Ten Broomfield teens have been referred into the city and county’s new municipal diversion program since the start of October.
For diversion program staff, that’s 10 residents who were diverted from the criminal justice system and instead provided with need-based services.
Broomfield’s Director of Diversity, Equity and Organizational Development Vanessa Oldham-Barton said creating a municipal diversion program has been talked about for a long time in Broomfield. When she took the reins of the newly-created position last year, she said starting the diversion program was one of the areas she wanted to focus on in her first year.
The program is designed for individuals accused of low-level crimes. Instead of taking the defendant through the criminal justice system, they have the opportunity to enter diversion and graduate without a criminal record.
Broomfield’s program started with a team of city and police staff who began researching what programs are available and what other municipalities were doing. The team eventually connected with the 17th Judicial District Attorney’s office, which presides over Broomfield.
“It just all worked out,” Oldham-Barton said. “It took probably a year of meeting and figuring things out and to land at the thing that makes the most sense and that was easiest to access for us, too. … It was sort of like a ‘Wizard of Oz’ moment. We’ve had access all along. It’s been a really good partnership.”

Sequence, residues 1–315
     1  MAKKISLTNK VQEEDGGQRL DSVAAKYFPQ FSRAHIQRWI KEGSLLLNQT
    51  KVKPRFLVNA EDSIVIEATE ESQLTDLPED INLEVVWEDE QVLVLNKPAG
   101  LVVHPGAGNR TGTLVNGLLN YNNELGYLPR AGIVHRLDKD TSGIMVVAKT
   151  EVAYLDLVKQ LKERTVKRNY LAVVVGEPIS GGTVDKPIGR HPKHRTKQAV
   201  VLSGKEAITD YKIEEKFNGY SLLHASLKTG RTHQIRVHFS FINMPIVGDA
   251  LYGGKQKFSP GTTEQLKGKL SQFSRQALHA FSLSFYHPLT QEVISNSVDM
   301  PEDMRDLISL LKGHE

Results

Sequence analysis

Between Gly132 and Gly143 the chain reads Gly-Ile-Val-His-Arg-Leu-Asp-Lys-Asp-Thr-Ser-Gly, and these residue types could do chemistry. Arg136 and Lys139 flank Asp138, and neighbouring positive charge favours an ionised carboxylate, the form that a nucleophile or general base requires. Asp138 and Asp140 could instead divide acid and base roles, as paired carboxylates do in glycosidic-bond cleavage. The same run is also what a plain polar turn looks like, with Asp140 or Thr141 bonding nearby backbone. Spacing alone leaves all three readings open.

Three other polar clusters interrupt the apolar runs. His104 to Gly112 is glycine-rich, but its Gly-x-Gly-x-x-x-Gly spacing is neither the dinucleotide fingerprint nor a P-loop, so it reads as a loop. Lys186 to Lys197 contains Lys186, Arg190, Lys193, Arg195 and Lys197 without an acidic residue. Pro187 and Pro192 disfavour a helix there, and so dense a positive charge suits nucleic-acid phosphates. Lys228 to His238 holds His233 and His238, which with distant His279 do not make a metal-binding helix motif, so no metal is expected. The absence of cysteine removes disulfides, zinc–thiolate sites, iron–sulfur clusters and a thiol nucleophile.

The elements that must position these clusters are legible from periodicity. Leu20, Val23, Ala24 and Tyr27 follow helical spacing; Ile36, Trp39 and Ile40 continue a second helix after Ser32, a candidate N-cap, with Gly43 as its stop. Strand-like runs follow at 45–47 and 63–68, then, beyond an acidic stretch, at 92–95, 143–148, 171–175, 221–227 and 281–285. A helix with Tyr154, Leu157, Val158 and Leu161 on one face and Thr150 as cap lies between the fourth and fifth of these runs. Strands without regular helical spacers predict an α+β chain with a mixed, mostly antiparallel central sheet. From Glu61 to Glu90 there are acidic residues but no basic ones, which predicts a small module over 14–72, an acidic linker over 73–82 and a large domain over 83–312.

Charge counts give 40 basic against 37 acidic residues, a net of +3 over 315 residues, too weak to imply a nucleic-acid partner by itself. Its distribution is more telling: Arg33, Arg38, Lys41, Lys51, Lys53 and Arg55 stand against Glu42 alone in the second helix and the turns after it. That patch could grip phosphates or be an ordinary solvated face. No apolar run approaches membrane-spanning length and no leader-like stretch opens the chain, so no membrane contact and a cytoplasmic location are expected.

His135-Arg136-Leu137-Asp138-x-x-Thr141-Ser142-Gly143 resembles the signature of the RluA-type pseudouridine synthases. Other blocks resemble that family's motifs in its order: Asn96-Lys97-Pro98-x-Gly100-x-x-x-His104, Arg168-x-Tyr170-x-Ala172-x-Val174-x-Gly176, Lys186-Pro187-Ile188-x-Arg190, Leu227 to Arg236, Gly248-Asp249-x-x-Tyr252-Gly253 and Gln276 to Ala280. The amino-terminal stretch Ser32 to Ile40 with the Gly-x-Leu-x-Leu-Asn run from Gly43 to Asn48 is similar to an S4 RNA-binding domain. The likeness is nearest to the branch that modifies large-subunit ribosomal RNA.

Dean Bennett, project specialist with development, diversity, equity and inclusion, is in charge of tracking the participants through the program and educating the Broomfield Police Department on the program. He explained the diversion program is up to the officer’s discretion, but it’s important to give officers another option besides writing someone a ticket. There are certain requirements that have to be met, such as the victim having to approve, the perpetrator has to be motivated and also admit they did something wrong.
“The consequences are pretty immediate, compared to the court system,” Bennett continued. “Which works better for juveniles. Typically, they’re going to get their meeting with diversion within two weeks, typically eight days. They can complete everything on a municipal charge within four months. If you’re going through the court system it can be very slow, and while waiting, they could get themselves in further trouble because their needs aren’t met.”
Providing the needs to be successful
Diversion isn’t punitive, he explained, but rather a need-based approach.
“And they look at the whole family and what the kiddo needs to become successful as opposed to just giving them consequences,” he said.
Those wraparound services are crucial, Oldham-Barton added.
“Hopefully, keeping kids from going further into the juvenile courts system or the adult system,” she said. “It speaks to Broomfield’s values as a whole, just making sure we’re providing those services and coming at things from a needs-based (approach,) meeting people where they are.”
The 10 program participants are all in different phases of the months-long curriculum. They spend about two to three hours a week with diversion staff, participating in things such as anger management, counseling sessions and restorative justice — tailored to what would best serve the participant.